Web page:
Women's aid group releases video saying 'we're here to help'
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A local women’s aid group has released a video on social media to promote the message that "We are here".
The video shows some of the team from Caithness and Sutherland Women's Aid (CASWA) holding up signs that convey the reality and scope of domestic abuse.
The aim is to tell the community about the charity while giving an empowering statement of support to those it seeks to help.
Team leader Emma Fraser explained: “Throughout the Covid-19 pandemic, we have promoted a consistent message – we are still here. Despite temporarily changing our mode of working to a remote working from home model, a key priority and goal for us has been the continuation of our service and we have been able to achieve this."
Celebrating its 15th anniversary this year, CASWA covers Caithness and Sutherland and provides support to women, children and young people who have experienced domestic abuse.
The charity employs a team of 11 domestic abuse specialists who provide a therapeutic package of support to service users.
Manager Kate Blowers said: "As a service we are currently supporting 67 women and 47 children and young people and since March we have received 27 referrals.
"We are continuing to provide outreach services to women, children and young people experiencing domestic abuse. We provide specialised safety planning, support planning, advocacy, emotional and practical support tailored to individual needs.
"The CASWA team support clients by phone, text, email and social media, and continue to accept new referrals from women, children, young people and partner agencies."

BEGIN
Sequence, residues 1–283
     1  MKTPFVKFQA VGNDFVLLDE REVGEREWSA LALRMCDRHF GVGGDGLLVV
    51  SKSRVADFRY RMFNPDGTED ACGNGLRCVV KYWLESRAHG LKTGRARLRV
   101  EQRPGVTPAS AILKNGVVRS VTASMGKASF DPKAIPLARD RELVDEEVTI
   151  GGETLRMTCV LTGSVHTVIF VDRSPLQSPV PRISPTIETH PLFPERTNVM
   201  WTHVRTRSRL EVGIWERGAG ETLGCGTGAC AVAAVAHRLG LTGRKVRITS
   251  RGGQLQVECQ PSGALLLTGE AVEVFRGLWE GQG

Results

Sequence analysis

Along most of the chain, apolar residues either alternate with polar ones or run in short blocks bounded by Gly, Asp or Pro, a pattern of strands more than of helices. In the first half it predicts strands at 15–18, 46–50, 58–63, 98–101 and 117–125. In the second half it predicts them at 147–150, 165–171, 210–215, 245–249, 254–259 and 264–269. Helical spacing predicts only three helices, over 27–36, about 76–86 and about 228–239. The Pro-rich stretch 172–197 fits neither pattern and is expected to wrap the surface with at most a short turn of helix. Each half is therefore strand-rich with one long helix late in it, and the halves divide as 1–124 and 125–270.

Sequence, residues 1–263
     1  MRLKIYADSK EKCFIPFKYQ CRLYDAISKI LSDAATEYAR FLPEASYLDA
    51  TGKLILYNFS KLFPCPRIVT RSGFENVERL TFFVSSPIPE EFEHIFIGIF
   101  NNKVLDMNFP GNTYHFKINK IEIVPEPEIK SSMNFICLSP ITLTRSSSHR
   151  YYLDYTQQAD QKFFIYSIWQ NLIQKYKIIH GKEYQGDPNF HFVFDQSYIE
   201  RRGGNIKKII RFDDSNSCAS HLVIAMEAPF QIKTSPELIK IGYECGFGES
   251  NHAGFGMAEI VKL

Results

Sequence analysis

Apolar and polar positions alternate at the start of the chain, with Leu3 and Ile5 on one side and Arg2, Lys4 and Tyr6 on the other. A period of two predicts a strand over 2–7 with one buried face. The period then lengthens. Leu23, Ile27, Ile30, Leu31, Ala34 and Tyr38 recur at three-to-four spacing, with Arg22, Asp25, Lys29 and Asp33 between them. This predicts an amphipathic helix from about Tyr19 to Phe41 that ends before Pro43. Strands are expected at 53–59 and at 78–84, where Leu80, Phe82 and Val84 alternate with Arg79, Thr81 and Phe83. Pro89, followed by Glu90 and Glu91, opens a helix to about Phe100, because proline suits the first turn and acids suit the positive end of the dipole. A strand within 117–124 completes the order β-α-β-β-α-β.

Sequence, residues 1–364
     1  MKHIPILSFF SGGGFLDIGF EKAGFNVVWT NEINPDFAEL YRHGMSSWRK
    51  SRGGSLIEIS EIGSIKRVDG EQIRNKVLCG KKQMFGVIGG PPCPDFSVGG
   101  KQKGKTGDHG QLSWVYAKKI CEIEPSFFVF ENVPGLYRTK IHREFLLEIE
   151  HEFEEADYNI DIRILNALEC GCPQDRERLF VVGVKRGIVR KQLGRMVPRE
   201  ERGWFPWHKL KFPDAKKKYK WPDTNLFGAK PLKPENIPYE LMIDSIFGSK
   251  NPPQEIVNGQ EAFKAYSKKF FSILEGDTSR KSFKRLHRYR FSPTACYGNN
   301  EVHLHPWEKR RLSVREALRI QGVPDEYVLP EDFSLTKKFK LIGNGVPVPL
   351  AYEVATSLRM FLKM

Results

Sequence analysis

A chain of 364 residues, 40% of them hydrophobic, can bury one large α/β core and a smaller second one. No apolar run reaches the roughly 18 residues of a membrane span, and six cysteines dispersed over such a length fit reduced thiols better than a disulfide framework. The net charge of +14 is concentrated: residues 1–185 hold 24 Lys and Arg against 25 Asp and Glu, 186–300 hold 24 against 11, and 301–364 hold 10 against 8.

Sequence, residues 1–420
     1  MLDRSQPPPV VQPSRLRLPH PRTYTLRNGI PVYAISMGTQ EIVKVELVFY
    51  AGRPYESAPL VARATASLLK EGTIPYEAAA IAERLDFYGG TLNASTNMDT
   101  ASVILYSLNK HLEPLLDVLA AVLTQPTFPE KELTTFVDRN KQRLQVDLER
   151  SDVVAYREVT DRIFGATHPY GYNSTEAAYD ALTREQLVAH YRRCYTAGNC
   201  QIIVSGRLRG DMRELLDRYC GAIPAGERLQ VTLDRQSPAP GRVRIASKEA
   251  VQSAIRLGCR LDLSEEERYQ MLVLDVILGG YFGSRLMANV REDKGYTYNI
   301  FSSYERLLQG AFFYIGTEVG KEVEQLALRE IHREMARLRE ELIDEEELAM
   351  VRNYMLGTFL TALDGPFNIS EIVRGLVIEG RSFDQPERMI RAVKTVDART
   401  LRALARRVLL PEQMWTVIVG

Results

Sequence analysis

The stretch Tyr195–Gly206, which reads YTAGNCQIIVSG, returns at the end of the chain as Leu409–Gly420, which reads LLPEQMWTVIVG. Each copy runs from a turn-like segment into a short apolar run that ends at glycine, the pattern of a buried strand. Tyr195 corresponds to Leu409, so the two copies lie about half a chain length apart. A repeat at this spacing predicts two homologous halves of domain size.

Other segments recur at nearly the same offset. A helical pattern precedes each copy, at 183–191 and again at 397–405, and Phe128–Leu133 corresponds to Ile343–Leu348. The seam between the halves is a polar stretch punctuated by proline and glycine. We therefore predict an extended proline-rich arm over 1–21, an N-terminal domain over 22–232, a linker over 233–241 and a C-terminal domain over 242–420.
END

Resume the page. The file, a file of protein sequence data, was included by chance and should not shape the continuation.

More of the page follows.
Highlighting the difficulties many have been facing during the coronavirus crisis, Emma explained: “Home is not a safe place for everyone. The very nature of lockdown may be a day-to-day reality facing women, children and young people who experience domestic abuse.
"Domestic abuse often means lockdown – a lockdown on rights, a lockdown on freedom and a lockdown on choice. For those who have left an abusive relationship, lockdown may have been a triggering reminder.
"We want people to know that we are here to listen, to support and to believe, whether they are currently experiencing domestic abuse or if they have experienced domestic abuse in the past.”
It is estimated that 100,000 children and young people in Scotland experience domestic abuse and CASWA wants to talk about it.
Emma added: “As a service we strive to be visible, but due to the nature of our work this can be difficult to achieve safely. Our team are passionate about tackling the stigma around domestic abuse and as a service we raise awareness and promote community education and understanding.
"We have been inspired by the videos circulating on social media by other groups and wanted to take the opportunity to develop our own. We want the Caithness and Sutherland community to know that domestic abuse does happen here.
"We hope our video brings home the reality of domestic abuse and knowledge that there is a local team of dedicated, passionate, trained and specialised women still working and still here.”
Tel: 0345 408 0151 (Monday-Friday, 9am-5pm, 24-hour answerphone service)
Social media (Facebook and Instagram)
Scottish Domestic Abuse and Forced Marriage Helpline (open 24/7): 0800 027 1234
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